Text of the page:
We are moving Terminix to a SELL. While the stock has not reached our price target, we believe the risk/reward is no longer favorable, partly due to information that we have recently learned about the company. We see no imminent problems nor any fraud or other inappropriate conduct, but believe that the turnaround will be more complicated and volatile, with a less-attractive three-year endgame than we anticipated.

Our exit of Terminix produced about an 8% profit. SELL.

ViacomCBS (VIAC) is a major media and entertainment company, owning highly recognized properties including Nickelodeon, Comedy Central, MTV and BET, the Paramount movie studios, Showtime and all of the CBS-related media assets. The company’s brands are powerful and enduring, typically holding the #1 market shares in the highest-valued demographic groups in the country. ViacomCBS’ reach extends into 180 countries around the world. Viacom and CBS re-merged in late 2019 and are now under the capable leadership of former Viacom CEO Robert Bakish.

Viacom is being overhauled to stabilize its revenues, boost its relevancy for current/future viewing habits and improve its free cash flow. The company is shifting away from advertising (currently about 36% of revenues) and affiliate fees (currently about 39% of revenues), toward content licensing – essentially renting its vast library of movies, TV shows and other content to third-party firms like Netflix and others. Viacom is building out its own streaming channel (Paramount+) and other new distribution channels, which are generally showing fast growth. Ultimately, we think the company may be acquired by a major competitor, given its valuable businesses and content library, as well as its bite-sized market cap of about $34 billion.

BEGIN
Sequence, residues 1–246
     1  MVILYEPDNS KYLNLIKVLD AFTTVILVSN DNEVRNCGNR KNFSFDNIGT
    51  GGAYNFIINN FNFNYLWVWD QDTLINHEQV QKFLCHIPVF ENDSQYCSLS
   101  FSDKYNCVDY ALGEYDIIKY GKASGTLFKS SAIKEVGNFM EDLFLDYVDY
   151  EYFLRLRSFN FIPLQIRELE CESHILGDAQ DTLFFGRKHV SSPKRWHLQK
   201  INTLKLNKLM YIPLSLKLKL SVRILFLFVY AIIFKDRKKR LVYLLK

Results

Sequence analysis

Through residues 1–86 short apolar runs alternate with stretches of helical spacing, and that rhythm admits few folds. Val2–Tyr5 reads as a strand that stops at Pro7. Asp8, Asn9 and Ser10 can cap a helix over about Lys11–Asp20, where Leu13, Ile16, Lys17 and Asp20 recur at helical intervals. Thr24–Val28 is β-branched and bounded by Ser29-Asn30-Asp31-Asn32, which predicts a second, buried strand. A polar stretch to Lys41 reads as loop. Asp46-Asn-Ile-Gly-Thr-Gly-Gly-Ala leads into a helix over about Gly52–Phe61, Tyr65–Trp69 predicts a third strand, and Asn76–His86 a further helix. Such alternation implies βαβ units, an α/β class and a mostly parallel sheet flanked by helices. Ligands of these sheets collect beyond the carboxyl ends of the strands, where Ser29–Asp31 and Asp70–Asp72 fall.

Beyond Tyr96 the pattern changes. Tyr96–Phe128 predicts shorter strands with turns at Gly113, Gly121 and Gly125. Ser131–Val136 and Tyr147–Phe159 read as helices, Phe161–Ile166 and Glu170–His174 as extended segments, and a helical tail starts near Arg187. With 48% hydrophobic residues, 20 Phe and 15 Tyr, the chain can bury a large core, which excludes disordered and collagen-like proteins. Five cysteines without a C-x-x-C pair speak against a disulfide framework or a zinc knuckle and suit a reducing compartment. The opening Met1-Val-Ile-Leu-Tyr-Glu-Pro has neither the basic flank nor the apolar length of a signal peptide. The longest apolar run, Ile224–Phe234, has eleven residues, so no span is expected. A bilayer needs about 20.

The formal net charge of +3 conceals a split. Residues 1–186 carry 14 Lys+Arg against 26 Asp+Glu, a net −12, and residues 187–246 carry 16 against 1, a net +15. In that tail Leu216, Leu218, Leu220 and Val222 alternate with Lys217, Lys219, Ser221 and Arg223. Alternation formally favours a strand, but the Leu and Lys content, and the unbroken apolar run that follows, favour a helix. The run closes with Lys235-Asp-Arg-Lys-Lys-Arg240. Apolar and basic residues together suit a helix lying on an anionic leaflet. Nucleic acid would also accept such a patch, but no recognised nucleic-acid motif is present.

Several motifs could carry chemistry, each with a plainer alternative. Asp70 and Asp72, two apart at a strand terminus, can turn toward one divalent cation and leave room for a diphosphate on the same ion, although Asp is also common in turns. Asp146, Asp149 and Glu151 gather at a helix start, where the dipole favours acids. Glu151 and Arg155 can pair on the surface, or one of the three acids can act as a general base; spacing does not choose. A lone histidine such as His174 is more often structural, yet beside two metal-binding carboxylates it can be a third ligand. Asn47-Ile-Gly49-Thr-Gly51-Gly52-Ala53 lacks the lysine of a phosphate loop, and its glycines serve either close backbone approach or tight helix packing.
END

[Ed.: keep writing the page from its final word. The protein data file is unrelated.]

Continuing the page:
Its challenges include the steady secular shift away from cable TV subscriptions, which is pressuring advertising and subscription revenues. The pandemic-related reductions in major sporting events are also weighing on VIAC shares. However, ViacomCBS’ extensive reach, strong market position and strategic value to other, much larger media companies, and its low share valuation, make the stock appealing.

Online sports betting is a rapidly growing industry. ViacomCBS could participate though its valuable CBS Sports franchise and its stake in British gaming company Wm Hill. Interestingly, Wm Hill will be acquired by Caesars Entertainment, which creates both risk and opportunity.

VIAC shares lifted another 8% this past week. As the stock continues to surge, we are incrementally raising our price target to 65 (an additional 10% upside), and retaining our HOLD rating. The shares have returned to the pre-Covid price level and have relatively full valuation at our low target multiple, yet the company has more aggressively cut costs while accelerated its growth initiatives including Paramount+ and the possible acceleration of its sports gaming opportunity. We believe advertising revenues will continue to improve. In effect, we are raising our target earnings (EBITDA) multiple on the shares.

The company reports earnings next Wednesday, February 24, so unless the shares rise above our new target we will be holding them through earnings. Investors with large positions and large profits may want to reduce their positions by half at this point.

Valuation is currently at about 11.0x estimated 2022 EBITDA. On a price/earnings basis, VIAC shares trade at 12.9x estimated 2022 earnings of $4.59. ViacomCBS shares offer a sustainable 1.6% dividend yield. HOLD